Those of us who have more gray hair will tell you that learning God’s purpose for your life, besides making a commitment to the Lord Jesus Christ, is one of the most important things you’ll ever do. In fact, our generation was very much affected by a book by Pastor Rick Warren called the Purpose Driven Life. In that book, Pastor Rick Warren begins with these simple words: It’s not about you. And then it goes on to basically unfold the reality that, if you’re seeking God’s purpose for your life, whether it be in the ongoing commitment to this movement or any other Christian cause, you have to start with the reality that it’s not about you. It’s about God. It’s about His Gospel movement in this world. It’s about His Son, Jesus, and how God and the Holy Spirit are now working amongst us. That’s what it’s about. 

When I was first out of seminary, I was assigned to four small mission churches on a 300-mile circuit in West Texas. These small mission churches also had three missional churches down on the border of Mexico. We had taken over three Roman Catholic churches, and we went there to do Vacation Bible School and teach. 

Toward the end of my time there, I was visiting all the people that I’d met and taught, learned with, and discipled over those years. And one of them was a fellow by the name of Rafael, who actually lived down on the border of Mexico with his three children, confined to his wheelchair. His wife had abandoned him years before, and he raised his three children from his wheelchair by himself. Rafael’s only means of sustenance and provision was wood carving. And the day I went to say goodbye to him, he handed me one of the most beautiful crucifixes I had ever seen in my life. And as he handed it to me, I realized that he could sell this and provide for his three kids. These kids oftentimes needed shoes or food, which I would take to them. So I said, “You could sell this, Rafael, and provide for your kids.” And he looked at me with anger, the only time I’d ever seen him look at me that way. And he said, “How dare you, Father, think that you are the only one that might bring the hope and love of Jesus?” Because what he was trying to present me was simply a symbol of his own ministry, his own purpose in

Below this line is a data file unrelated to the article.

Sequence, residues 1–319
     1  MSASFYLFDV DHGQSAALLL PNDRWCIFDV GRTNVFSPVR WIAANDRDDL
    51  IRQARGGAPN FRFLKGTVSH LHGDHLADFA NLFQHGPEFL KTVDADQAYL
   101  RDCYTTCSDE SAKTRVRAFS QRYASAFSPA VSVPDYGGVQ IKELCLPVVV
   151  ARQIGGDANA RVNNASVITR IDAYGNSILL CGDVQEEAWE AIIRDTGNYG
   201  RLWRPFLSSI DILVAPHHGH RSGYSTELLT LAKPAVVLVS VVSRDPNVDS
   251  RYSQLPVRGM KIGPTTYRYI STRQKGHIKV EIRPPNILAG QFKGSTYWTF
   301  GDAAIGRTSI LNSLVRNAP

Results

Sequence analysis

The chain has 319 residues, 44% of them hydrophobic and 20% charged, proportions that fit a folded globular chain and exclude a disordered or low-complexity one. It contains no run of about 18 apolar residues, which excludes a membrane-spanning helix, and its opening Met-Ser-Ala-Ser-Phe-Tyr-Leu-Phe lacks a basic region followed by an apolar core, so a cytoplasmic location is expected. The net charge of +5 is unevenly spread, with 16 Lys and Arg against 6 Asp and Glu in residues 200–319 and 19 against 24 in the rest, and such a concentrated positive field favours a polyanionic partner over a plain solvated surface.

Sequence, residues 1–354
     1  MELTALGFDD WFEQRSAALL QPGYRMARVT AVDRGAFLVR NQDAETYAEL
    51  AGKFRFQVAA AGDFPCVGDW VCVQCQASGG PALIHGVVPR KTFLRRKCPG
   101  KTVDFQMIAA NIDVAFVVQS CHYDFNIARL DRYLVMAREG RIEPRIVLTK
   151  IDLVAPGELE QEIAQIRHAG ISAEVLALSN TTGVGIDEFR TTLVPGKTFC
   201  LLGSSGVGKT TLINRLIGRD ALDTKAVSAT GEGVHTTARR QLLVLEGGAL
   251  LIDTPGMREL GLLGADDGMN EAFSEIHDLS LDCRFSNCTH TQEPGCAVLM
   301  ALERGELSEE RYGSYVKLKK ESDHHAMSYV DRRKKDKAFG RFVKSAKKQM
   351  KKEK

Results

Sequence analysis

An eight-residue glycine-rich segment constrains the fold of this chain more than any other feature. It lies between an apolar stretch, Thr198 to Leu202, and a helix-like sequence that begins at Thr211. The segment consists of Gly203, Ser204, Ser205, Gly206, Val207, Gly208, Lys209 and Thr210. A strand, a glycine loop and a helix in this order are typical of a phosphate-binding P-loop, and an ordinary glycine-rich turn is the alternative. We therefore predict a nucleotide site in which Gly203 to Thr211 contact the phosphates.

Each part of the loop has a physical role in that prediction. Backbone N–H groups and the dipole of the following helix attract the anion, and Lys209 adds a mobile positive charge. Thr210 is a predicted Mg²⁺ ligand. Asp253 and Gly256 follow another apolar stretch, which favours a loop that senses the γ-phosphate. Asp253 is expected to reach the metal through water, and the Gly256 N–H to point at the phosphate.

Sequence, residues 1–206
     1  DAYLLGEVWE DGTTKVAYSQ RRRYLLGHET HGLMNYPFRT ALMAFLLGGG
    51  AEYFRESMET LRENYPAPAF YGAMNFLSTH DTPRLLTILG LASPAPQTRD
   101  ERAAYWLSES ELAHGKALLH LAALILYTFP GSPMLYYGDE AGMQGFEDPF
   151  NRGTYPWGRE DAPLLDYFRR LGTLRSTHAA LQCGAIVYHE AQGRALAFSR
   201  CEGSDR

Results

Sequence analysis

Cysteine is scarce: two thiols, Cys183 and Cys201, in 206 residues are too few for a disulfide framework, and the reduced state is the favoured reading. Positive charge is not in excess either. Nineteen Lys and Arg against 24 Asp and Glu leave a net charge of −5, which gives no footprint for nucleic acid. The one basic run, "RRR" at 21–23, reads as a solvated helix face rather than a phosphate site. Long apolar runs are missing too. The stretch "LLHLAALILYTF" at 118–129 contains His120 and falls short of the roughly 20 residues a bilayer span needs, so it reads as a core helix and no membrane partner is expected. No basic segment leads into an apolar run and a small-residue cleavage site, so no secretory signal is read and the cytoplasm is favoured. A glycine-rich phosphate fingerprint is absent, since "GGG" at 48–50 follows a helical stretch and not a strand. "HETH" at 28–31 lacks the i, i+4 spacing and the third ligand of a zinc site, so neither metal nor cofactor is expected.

life. And, from that moment, I realized that my life as a priest, and now my life as a Bishop, had to be not simply promoting a message, not simply trying to inspire people, and not even simply bringing the hope and the life of Jesus to others. It had to be helping others do the same.